By: Brooke Girton
Right to privacy is a sticky issue when it comes to social media, especially considering the platforms are inherently about sharing information with other people. Even with tight privacy settings, anything you post can be shared with others. We have all heard the stories of people getting caught for criminal acts or criticized for immoral behavior because they posted about it on social media. Now, authorities are lobbying for access to social media accounts and private messages and protected tweets in order to convict suspects.
A New Jersey court ruled that police do not need a wiretapping order to access this private information. Wiretap orders are reserved for more serious crimes, used as a last resort. Instead, they can get a communications data warrant, which is much easier to obtain. However, these warrants only included visual content and not audio. This meant videos can be used as evidence but a wiretap order is required for the audio portion. After some debate about the nature of online videos, the warrants were again changed to include audio. Facebook has attempted to thwart these new court rulings in New York. Warrants were served for Facebook to allow access to 381 profiles without informing the users that their privacy was being infringed upon. Although Facebook contested the warrant, the motion was denied and they were forced to comply.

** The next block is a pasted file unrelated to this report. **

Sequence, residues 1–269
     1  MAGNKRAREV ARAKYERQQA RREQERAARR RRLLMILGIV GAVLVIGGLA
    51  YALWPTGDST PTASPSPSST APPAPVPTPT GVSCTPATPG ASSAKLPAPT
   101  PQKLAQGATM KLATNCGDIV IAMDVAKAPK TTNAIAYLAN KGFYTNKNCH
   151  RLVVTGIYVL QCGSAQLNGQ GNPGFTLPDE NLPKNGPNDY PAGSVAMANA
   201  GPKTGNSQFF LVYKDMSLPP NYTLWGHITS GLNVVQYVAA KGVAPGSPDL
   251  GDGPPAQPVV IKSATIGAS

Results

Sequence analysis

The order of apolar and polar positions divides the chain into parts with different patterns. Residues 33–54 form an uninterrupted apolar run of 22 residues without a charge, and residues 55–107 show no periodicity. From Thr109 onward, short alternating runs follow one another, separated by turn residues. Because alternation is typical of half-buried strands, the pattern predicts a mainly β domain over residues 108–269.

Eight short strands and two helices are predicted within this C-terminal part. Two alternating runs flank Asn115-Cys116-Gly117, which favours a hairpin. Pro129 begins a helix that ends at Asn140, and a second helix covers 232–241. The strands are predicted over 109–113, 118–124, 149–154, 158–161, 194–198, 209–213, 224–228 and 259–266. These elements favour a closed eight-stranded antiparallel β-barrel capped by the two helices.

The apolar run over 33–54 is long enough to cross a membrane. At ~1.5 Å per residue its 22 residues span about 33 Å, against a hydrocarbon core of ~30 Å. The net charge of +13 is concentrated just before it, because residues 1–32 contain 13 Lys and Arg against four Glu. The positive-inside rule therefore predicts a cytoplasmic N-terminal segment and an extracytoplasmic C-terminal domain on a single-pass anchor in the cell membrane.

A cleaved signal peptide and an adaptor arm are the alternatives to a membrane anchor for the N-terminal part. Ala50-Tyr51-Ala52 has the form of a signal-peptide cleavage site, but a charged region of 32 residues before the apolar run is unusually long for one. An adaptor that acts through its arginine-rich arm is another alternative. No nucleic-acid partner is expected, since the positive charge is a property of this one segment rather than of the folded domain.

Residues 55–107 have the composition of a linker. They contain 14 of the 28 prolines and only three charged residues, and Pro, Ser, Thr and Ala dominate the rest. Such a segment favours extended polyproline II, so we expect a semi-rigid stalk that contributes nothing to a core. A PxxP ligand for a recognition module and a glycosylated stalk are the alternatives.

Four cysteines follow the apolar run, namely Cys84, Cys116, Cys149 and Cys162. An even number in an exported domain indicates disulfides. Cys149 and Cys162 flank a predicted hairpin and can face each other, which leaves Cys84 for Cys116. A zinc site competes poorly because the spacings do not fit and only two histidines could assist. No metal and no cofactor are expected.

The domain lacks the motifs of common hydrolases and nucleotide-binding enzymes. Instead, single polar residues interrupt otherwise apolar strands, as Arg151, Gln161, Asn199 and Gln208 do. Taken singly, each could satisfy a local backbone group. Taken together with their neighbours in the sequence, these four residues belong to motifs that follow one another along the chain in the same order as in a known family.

Authorities are still trying to catch the law up to new technologies and the dilemmas they bring. Facebook is likely not just protecting the privacy of its users, but also its livelihood. Users are likely to be wary of using social media when anything they say in private messages can be used against them. Now, more than ever, it is imperative that users on social media be careful of what they say, even in confidence. Anything you can, and may, be held against you in the court of law.
LoBiondo, G., & Newman, C. (2017, February 9). Does Facebook Have the Right to Challenge Search Warrants Seeking Facebook Users’ Data? New York’s Highest Court Hears Argument. Retrieved from http://www.jdsupra.com/legalnews/does-facebook-have-the-right-to-54599/
Sullivan, S. (2017, February 02). Wiretap Privacy Rules Don’t Apply to Social Media Messages, N.J. Court Rules. Retrieved from http://www.nj.com/politics/index.ssf/2017/02/twitter_posts_not_subject_to_wiretap_law_nj_court.html